This is a well written essay and lends some credibility to the academic world. At the same time, while I certainly enjoy academics, it is evident that some seek to dig too deeply into areas that simple hermeneutics present as truths. You have done well to point out such discrepancies. In that I dare not trespass on an excellent article accept to say thank you for pointing out and standing on the truths as presented in God’s Word.

  • Richard Mansel 9:55 am on 2013-02-28 Permalink | Reply
    Tags: basil overton, , , foy wallace, , jane mocwhorter, wilson wallace   

    So Much Tragedy 

    The Lord’s Church has been ravaged by death this week.  Basil Overton, Perry Cotham, Jane McWhorter and Wilson Wallace, son of Foy Wallace have all passed away this week.

    However, great warriors of the faith never truly leave us. They live and inspire those of us who are left behind to keep the faith.

    “Be faithful until death, and I will give you the crown of life” (Revelation 2:10).

    Amen.

     
  • Richard Mansel 12:13 pm on 2013-01-23 Permalink | Reply  

    Research on Paul’s Voyage to Rome 

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    I wanted to share with you some online books that are valuable in the study of Acts 27 and Paul’s voyage to Rome.

    The first carries the unwieldy title, “The Voyage and Shipwreck of St. Paul with Dissertations on the Life and Writings of St. Luke and the ships and navigation of the Antients” by James Smith, published in London in 1856.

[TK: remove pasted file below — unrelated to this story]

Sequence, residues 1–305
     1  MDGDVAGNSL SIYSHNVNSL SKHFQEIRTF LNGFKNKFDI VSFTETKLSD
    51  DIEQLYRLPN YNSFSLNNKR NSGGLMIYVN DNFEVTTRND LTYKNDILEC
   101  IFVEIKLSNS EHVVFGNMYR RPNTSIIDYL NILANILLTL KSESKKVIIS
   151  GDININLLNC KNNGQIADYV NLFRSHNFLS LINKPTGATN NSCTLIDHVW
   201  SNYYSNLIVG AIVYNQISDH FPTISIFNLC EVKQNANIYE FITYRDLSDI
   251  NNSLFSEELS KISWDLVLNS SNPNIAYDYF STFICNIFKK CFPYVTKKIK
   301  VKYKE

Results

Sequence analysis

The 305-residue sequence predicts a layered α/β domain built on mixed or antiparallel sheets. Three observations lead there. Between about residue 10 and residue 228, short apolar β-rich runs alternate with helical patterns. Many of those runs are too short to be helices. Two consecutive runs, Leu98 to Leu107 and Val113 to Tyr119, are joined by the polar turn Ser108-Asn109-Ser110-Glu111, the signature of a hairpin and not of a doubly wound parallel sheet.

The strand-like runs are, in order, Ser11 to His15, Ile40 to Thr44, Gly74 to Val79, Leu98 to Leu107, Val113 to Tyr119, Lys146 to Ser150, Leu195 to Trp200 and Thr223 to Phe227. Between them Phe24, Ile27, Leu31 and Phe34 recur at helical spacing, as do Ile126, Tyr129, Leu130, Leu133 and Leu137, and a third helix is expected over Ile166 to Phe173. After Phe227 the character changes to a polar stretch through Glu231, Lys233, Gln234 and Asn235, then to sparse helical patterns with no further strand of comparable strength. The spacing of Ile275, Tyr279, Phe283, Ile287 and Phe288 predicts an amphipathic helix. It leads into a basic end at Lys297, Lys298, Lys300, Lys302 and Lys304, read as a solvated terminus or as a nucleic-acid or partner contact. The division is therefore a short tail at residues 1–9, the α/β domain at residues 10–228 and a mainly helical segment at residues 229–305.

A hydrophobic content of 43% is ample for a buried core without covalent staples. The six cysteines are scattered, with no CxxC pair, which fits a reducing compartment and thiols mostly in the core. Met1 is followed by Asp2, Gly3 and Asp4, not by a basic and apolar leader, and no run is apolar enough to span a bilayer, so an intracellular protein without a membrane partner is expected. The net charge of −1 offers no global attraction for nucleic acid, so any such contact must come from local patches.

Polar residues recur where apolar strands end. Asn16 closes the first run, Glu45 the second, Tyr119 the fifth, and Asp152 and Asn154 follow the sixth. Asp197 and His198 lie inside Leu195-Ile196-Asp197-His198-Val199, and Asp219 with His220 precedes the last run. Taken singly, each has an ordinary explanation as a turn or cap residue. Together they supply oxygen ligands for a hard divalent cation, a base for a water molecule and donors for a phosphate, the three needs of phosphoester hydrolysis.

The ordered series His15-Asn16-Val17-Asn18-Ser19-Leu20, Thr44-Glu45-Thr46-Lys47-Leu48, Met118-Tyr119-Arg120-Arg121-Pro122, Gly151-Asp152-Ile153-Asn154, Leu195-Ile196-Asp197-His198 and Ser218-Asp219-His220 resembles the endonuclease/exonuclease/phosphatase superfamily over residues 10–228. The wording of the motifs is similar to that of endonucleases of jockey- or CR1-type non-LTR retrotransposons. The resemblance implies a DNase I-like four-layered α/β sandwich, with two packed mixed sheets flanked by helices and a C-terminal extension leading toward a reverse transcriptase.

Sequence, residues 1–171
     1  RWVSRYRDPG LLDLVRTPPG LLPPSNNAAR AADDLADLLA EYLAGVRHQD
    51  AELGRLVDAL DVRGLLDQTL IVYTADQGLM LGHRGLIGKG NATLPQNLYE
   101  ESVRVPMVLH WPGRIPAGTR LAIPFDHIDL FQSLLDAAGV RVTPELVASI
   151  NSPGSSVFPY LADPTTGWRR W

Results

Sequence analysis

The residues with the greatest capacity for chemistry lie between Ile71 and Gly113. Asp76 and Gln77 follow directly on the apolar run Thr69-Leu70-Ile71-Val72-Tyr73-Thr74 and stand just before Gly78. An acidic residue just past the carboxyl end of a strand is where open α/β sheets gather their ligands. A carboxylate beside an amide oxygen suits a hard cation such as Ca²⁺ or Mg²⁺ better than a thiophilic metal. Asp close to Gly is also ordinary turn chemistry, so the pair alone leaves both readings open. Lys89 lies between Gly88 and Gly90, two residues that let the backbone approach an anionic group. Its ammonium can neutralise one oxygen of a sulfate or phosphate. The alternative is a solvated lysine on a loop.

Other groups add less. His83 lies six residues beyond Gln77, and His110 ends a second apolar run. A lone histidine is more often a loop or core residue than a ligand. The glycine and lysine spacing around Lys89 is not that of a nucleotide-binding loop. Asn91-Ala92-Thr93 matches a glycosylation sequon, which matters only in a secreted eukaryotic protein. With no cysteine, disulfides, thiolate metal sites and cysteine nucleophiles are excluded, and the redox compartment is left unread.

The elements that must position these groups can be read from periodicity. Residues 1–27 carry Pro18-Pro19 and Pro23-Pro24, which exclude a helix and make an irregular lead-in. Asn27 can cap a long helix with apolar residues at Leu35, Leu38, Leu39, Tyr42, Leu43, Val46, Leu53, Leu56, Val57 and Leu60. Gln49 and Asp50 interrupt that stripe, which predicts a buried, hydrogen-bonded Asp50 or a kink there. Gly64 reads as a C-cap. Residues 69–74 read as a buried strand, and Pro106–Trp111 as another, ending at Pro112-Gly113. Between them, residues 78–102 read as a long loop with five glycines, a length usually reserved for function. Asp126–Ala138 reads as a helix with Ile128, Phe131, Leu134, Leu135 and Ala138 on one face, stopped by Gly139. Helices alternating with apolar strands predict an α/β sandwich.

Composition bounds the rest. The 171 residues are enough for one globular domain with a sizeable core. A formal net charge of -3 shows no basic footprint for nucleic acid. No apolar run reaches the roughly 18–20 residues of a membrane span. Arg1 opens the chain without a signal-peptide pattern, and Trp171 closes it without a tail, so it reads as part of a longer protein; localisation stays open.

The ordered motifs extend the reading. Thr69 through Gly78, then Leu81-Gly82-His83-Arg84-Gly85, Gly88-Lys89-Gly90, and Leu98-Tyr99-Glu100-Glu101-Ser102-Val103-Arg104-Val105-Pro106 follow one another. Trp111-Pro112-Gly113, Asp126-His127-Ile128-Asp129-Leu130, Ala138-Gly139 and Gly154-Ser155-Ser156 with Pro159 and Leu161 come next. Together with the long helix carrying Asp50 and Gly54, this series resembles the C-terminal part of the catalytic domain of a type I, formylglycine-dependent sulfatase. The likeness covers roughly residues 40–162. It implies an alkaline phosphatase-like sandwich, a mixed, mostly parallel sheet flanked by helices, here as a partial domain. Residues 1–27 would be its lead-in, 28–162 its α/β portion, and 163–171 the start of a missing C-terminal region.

Since it was written so long ago, he cites works that you may not find elsewhere. This is the second edition because he talked to some sea captains and decided to update his book based on their experiences in sailing the same route. You have to respect that attention to detail.

    You can find it here for free and I hope you gain as much value from his work as I am.

    Update: Here is another lengthy study on the voyage from William Falconer.

     
  • Richard Mansel 8:06 pm on 2012-12-22 Permalink | Reply
    Tags: banning religion, , , , ,   

    The Root of Far Left Beliefs 

    peace_and_love88

    People believe that man can be perfect if only the cultural climate can be made perfect. If we remove religion, opinions, rigid standards, war and guns, all of which divide people, then mankind can finally be perfect.

    It is the utopia of the godless intellectual. They believe that if they can enact the right social legislation, then all crime and hate will disappear and all will be love and joy. John Lennon’s “Imagine” is the pantheon of this delusional dream.

    However, we know that Satan will do everything he can to destroy what man builds (Romans 1:18-32; 3:10-18, 23). Therefore, we know how naive these Utopian beliefs are.

    We wish everyone would do right all the time but we know it will never happen. Humanity will always make bad decisions and act with greed, malice, anger and hate.

    All we can do is to live transformed lives (Romans 12:1-2) and keep teaching Biblical truth and pray it spreads (Matthew 28:18-20).

    We must pray for our society that truth and godliness can become the hallmarks of American society and God’s truth can be our guiding light.

     

     
  • Richard Mansel 3:18 pm on 2012-12-21 Permalink | Reply
    Tags: , , , , prolife   

    Guess it Depends on Who is Killing Kids